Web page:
…but the British still won’t LEAVE and we’re still “skirmishing”
Jay Treaty What did the Jay Treaty say? In the Jay Treaty, written in 1794 and ratified by Congress in 1795, the British agreed to leave their forts in the Northwest Territory expand their trade with the United States The British did NOT agree to stop searching American ships for “deserted” British sailors stop impressments, which forcing American sailors into service in the British navy
5. Two Term Precedent Set In 1796, President Washington refused to run for a 3 rd term. If he had wanted to run for office again, could he have? yes Why or why not? There was not a constitutional amendment yet prohibiting it. Why did he not run for a 3 rd term? He was old. He’d fought in the French & Indian War from , he led the Revolutionary Army from , and was president from He had tried to keep the nation politically united, but there were differing political parties and opinions out there that frustrated him. He couldn’t make everyone happy.
Washington’s “Farewell Address” In his farewell address in 1796, G.W. warned the American people that “A system of political parties agitates the Community will ill-founded jealousies and false alarms, kindles the animosity of one part against another, and stirs up riot and insurrection.” What do you think he meant by this?
Vice President: Thomas Jefferson (Democrat-Republican) President John Adams (Federalist)
1. Foreign Policy What was happening in France? 1798—War between France & Britain. France was mad that we were siding with the British. They fired on and seized our ships—and we did it back. XYZ Affair: John Adams sent diplomats to France to try and get them to stop harassing American shipping. The diplomats were told by three men who worked for French Minister Talleyrand (no names—they’re called XYZ) that the U.S. would need to pay a bribe in order to meet with French leadership. Americans rallied… “millions for defense, but not one cent for tribute” How did Federalists take advantage of this? They increased the size of the army and raised taxes. They created the Department of the Navy, all of which expanded the powers of the national government.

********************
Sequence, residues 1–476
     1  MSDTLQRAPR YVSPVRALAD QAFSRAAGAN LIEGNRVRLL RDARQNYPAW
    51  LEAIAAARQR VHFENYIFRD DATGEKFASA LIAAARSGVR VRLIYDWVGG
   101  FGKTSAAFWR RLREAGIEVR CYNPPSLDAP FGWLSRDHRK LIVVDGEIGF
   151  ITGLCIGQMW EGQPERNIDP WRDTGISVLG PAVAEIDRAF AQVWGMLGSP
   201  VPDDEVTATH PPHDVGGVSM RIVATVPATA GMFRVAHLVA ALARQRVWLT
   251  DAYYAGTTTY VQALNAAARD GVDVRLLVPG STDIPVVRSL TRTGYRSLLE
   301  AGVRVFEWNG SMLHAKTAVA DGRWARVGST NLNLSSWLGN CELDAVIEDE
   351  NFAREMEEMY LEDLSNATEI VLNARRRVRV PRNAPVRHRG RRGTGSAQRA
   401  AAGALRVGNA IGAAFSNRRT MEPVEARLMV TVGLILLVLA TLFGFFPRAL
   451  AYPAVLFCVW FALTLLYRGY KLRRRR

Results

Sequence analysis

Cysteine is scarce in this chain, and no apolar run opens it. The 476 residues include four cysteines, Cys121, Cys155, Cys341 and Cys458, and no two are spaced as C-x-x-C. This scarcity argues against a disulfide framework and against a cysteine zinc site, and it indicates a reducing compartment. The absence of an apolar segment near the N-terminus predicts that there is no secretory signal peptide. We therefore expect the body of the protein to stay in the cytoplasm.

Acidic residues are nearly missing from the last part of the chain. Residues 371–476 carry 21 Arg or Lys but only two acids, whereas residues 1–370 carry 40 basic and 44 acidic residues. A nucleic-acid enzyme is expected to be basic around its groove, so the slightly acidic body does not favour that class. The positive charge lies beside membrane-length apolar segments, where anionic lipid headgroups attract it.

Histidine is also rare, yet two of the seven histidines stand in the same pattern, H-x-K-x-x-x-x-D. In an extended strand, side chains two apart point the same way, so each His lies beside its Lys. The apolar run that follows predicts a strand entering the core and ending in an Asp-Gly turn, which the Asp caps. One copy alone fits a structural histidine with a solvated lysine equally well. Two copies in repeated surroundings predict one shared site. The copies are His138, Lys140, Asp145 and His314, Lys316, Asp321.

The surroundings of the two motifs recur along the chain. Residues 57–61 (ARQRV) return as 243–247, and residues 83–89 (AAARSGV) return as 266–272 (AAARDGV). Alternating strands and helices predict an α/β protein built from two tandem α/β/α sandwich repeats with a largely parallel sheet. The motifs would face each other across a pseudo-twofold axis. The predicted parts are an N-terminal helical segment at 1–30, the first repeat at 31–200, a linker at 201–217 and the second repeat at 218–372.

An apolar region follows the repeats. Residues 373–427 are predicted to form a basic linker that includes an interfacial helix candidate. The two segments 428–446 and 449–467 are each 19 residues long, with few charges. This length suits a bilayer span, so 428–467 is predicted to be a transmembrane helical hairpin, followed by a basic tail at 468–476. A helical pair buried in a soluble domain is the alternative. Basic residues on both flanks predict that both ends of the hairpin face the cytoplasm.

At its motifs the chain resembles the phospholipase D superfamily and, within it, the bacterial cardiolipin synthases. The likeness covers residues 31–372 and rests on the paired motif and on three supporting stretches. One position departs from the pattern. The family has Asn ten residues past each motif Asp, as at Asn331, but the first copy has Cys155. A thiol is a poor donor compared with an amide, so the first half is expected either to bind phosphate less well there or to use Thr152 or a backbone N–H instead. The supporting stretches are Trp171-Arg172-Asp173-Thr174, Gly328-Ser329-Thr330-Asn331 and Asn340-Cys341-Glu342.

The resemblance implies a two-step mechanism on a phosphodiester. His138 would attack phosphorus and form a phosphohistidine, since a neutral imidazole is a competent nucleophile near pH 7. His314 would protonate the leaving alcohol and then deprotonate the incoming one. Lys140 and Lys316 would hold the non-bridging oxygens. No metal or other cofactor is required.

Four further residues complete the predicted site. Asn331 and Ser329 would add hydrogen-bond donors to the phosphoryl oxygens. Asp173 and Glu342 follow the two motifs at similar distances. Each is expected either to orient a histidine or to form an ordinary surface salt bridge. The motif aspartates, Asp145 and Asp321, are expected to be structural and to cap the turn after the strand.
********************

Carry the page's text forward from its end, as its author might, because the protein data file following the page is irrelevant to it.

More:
2. US reaction to France/Britain’s war Alien Act President gained right to imprison or deport citizensof other countries residing in the United States. Why might anti-Federalists (now called Democrat-Republicans) be angered at this?
2. US reaction to France/Britain’s war Sedition Act Persons who wrote, published, or said anything against the government were subject to heavy fines and imprisonment. Why might anti-Federalists (now called Democrat-Republicans) be angered at this?
Kentucky & Virginia Resolutions Democrat-Republicans thought that the Alien & Sedition Acts were unconstitutional. Thomas Jefferson and James Madison wrote documents that were presented to the Kentucky and Virginia legislatures which would empower states to “nullify” federal laws. The resolutions were adopted in only 2 states, so the issue died…the idea of nullification would come back though.
Election of 1800 Do you think John Adams had a chance at winning? Thomas Jefferson became president in an election referred to as the “Revolution of 1800” because it marked a peaceful transition of power from one group to another—from the Federalists to the Democrat-Republicans Next class: Political Parties & Jefferson’s Administration